Green’s Dictionary of Slang

boards n.

[the material of which they are made]

playing cards; thus boardsman, one who runs a three-card trick game.

[NZ]N.Z. Truth 30 Nov. 2/3: It comes to my deal again and when I picks up the boards I reckon he’s mine.
[Aus]Townsville Daily Bulletin (Aus.) 14 June 13: Cards are alluded to as ‘boards’, and the rogues who practice the three-card trick are the ‘boardsmen’.
[UK]‘P.B. Yuill’ Hazell and the Three-card Trick (1977) 120: Easier than geein’ up the punters with boards, innit?
[UK](con. c.1900) A. Harding in Samuel East End Und. 37: His father and his uncle used to play the ‘Crown and Anchor’, going about with the boards.
[Aus]R. Aven-Bray Ridgey-Didge Oz Jack Lang 21: Boards Playing cards.

In phrases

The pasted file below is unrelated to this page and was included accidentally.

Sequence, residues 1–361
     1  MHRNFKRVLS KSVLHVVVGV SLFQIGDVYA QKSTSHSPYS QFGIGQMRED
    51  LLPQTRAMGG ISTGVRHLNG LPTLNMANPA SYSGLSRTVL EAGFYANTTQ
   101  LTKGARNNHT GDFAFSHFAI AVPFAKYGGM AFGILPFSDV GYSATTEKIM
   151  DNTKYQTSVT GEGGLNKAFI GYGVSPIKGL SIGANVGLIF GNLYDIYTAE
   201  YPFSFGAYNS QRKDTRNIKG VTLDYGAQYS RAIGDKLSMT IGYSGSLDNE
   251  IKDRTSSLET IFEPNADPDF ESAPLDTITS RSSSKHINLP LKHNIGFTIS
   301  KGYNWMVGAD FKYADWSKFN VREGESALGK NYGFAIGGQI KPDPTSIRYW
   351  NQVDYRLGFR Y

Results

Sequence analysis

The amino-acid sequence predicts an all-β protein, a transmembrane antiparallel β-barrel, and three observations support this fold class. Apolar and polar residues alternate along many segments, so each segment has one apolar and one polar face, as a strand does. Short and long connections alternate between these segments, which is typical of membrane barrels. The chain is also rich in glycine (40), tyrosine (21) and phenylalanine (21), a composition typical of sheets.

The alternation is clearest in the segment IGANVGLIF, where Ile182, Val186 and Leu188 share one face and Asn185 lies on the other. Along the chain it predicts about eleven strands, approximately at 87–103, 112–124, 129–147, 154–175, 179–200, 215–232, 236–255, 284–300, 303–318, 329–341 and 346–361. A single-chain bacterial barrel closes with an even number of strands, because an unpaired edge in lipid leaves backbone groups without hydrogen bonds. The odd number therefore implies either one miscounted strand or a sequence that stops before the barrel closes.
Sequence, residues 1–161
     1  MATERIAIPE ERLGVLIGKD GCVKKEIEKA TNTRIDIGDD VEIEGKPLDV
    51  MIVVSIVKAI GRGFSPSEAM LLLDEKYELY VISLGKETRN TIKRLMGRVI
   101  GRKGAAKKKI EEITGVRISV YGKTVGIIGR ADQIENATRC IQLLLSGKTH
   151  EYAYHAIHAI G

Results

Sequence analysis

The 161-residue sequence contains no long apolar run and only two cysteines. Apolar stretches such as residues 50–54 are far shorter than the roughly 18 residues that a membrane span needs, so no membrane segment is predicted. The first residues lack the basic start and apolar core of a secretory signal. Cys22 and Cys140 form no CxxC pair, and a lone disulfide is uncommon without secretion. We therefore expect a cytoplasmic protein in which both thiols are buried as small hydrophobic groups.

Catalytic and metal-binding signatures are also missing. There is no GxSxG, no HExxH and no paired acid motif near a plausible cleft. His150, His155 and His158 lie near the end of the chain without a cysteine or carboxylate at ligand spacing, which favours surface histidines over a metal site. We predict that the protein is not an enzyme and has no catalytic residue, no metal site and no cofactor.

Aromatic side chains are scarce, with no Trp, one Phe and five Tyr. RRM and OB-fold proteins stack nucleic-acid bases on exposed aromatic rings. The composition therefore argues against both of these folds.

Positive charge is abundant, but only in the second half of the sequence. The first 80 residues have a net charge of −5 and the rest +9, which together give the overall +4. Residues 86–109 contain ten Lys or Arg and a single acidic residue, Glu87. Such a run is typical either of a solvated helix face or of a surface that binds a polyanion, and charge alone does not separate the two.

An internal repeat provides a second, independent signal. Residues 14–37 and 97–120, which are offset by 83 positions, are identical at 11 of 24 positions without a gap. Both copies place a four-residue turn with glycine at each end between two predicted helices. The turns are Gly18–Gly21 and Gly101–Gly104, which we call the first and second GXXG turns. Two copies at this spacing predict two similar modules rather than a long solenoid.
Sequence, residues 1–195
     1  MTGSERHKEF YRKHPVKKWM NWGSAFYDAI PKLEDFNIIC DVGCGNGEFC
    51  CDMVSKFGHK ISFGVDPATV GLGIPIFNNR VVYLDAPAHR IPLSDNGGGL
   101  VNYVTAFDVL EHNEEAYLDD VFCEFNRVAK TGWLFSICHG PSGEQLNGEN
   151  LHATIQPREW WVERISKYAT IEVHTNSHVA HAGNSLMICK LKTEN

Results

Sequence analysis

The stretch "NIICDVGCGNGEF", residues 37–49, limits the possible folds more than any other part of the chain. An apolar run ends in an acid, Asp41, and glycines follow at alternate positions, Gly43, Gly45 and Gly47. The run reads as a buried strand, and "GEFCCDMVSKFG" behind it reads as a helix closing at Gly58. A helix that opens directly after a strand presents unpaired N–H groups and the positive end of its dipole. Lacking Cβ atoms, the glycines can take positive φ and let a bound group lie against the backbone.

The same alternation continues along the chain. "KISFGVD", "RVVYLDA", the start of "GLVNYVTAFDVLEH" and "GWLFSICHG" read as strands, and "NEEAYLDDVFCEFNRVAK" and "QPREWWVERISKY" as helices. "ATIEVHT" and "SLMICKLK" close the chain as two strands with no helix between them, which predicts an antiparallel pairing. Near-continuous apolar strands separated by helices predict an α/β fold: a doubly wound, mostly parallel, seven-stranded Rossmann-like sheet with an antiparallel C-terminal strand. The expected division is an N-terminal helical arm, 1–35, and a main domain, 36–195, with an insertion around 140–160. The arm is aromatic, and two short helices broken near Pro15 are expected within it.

toss the boards (v.) (US Und.)

1. to conduct a game of three-card monte.

[US]Goldin et al. DAUL 225/2: Toss the boards. To operate the swindle-game three-card monte.

2. to deal cards, esp. in a crooked or illegal manner.

[US](con. 1950s) D. Goines Whoreson 37: We both knew how to toss the boards.

SE in slang uses

In phrases

off the boards (adv.)

(US) to excess, to a great extent.

[US]H. Blossom Checkers 22: The ‘bookies’ are swipin’ it off the boards.
[US]C.L. Cullen More Ex-Tank Tales 129: It is perfectly legitimate for him to back a ringer right off the boards if [...] he needs the money badly.
[US]W.R. Burnett Little Caesar (1932) 18: It’s the damn newspapers. They play that crime stuff off the boards.